One reason for developing a business plan is to get outside parties interested in providing capital for a new venture. A good business plan tells an interesting and comprehensive story that an outside party cause to evaluate the viability of a new business concept.
So much has been written about what should and should not go into a business plan that the person preparing the plan can easily become overwhelmed and confused.
To provide specific and practical guidelines about what to put in a business plan that will inspire confidence in investors, we asked five people who regularly evaluate new venture opportunities to tell us what they want to see in a business plan.
Graham Geldenhuys of Step Strategic Venturing, Christo Botes of Business Partners, Martin Feinstein of Enablis, Julia Fourie of HBD Venture Capital and ChrisNthite of Old Mutual Masisizane fund all told us what they expect to see in a good business plan. Here’s what they had to say.
Make a strong first impression
A business plan is a reflection of the people behind the business. Formatting, spelling and visual appeal contribute to the impression that investors form about the venture team.
Graham Geldenhuys of Step Strategic Venturing says: “If you can’t take the time to put together a worthy business plan, I wonder if you’ll take the time to get to grips with the million other less important details it takes to build a business case. I cannot begin to engage with content that has spelling and formatting errors.”
Martin Feinstein of Enablis suggests: “Keep it simple. White A4 paper, a simple 12-point font like Arial and numbered pages. Make it as short as possible. I have seen fantastic business plans that are all of five pages in length and terrible plans that are 50 pages long. Include information in your business plan on a ‘need to know’ basis.”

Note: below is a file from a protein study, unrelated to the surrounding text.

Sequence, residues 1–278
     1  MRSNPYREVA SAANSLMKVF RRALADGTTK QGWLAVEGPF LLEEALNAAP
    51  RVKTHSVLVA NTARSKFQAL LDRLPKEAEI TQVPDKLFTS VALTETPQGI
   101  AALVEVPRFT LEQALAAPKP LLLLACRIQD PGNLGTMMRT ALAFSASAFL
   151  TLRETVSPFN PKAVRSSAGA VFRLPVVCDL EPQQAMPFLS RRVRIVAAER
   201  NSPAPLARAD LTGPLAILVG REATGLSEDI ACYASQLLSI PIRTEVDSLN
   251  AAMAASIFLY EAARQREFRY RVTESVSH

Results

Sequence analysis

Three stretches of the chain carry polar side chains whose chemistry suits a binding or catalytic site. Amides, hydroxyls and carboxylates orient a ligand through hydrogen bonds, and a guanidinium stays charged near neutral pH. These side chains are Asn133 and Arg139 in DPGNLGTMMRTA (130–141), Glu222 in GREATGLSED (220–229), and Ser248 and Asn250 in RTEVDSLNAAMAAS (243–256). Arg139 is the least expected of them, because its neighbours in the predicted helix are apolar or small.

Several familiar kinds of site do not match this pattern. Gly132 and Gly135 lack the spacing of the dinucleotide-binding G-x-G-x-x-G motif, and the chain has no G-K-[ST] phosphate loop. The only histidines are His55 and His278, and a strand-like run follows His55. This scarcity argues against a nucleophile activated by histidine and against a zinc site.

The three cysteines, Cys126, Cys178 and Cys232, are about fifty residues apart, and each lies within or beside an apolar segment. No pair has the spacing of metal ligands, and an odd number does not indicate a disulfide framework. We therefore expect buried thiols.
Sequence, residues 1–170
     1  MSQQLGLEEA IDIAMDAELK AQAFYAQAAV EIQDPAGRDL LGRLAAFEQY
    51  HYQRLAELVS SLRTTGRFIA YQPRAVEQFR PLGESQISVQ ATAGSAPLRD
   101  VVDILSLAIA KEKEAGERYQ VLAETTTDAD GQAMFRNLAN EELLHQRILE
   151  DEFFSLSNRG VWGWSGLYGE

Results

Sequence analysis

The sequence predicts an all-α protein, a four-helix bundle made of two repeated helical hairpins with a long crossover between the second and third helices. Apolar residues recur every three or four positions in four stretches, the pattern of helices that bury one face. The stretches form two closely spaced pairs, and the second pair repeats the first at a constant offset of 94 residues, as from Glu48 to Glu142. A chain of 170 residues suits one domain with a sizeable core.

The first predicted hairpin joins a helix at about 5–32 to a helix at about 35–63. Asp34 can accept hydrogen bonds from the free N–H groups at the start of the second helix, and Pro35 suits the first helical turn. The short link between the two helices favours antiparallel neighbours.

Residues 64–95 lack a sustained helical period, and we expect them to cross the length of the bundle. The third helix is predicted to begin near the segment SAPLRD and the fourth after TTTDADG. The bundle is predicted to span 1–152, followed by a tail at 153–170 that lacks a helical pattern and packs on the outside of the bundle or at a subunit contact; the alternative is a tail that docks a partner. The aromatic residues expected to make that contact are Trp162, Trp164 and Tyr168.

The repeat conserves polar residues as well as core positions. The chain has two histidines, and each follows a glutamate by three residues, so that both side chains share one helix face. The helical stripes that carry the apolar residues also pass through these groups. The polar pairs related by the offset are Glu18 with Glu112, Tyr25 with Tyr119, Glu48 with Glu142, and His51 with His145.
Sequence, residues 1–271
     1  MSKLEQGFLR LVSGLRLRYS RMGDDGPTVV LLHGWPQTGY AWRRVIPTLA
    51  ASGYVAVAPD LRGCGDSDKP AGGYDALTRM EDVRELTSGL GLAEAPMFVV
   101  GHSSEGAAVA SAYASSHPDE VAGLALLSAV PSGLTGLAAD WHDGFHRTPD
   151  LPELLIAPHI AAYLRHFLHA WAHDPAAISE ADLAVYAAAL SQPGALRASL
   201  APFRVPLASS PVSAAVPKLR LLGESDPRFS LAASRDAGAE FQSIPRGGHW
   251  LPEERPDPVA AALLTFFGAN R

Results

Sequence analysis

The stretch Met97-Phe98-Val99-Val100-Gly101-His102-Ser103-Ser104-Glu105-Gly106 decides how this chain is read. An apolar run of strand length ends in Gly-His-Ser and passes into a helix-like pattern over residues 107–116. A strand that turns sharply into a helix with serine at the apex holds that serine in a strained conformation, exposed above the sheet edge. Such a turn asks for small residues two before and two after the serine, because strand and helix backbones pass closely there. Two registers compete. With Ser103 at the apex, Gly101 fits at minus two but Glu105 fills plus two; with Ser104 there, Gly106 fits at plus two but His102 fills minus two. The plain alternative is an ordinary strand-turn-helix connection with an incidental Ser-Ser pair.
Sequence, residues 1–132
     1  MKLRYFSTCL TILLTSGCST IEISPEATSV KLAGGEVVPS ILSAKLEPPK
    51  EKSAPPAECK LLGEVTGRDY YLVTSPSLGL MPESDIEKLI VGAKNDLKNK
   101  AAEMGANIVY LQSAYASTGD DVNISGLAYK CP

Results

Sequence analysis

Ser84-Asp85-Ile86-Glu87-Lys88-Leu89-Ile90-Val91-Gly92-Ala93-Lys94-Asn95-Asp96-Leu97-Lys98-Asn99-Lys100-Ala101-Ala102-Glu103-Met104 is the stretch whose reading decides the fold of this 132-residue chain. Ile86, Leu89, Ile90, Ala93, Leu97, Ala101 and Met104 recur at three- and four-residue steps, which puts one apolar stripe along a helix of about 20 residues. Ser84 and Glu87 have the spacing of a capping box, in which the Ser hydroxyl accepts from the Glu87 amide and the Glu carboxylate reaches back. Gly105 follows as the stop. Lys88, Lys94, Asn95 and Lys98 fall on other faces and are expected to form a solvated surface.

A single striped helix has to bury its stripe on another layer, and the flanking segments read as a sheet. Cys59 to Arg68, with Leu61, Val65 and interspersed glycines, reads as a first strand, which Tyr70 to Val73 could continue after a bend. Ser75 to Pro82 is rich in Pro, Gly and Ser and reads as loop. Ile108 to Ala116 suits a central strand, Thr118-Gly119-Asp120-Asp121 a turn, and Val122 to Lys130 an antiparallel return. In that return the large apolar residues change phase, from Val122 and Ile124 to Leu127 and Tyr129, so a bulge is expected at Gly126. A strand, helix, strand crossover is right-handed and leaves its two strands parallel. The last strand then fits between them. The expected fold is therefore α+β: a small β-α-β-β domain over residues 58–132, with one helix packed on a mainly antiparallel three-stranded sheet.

Provide a succinct overview
Many investors rely heavily on an executive summary to make an initial evaluation of the business plan. For this reason, Christo Botes of Business Partners advises entrepreneurs to provide “a short, succinct and to the point business overview giving the investor a profile of the business as well as a description of the product service offering.”
Julia Fourie of HBD supports this idea, suggesting that entrepreneurs “write a good one-page executive summary. There is a good chance that the potential funder won’t even read any further if this is not compelling.”
Make it coherent and complete
The different pieces of the business plan must link together in a coherent way and all the relevant issues need to be addressed. The content of each section of the plan must correlate effectively to the information in the other sections.
Geldenhuys says that a good business plan needs to be “well thought out and coherent… there are a bunch of templates to help in this regard.”
The order in which each section is presented is not that critical but all the important sections must be addressed. Old Mutual’s Chris Nthite says: “Don’t cut corners. Do the research as it helps you think through all the issues necessary for your business to be successful.”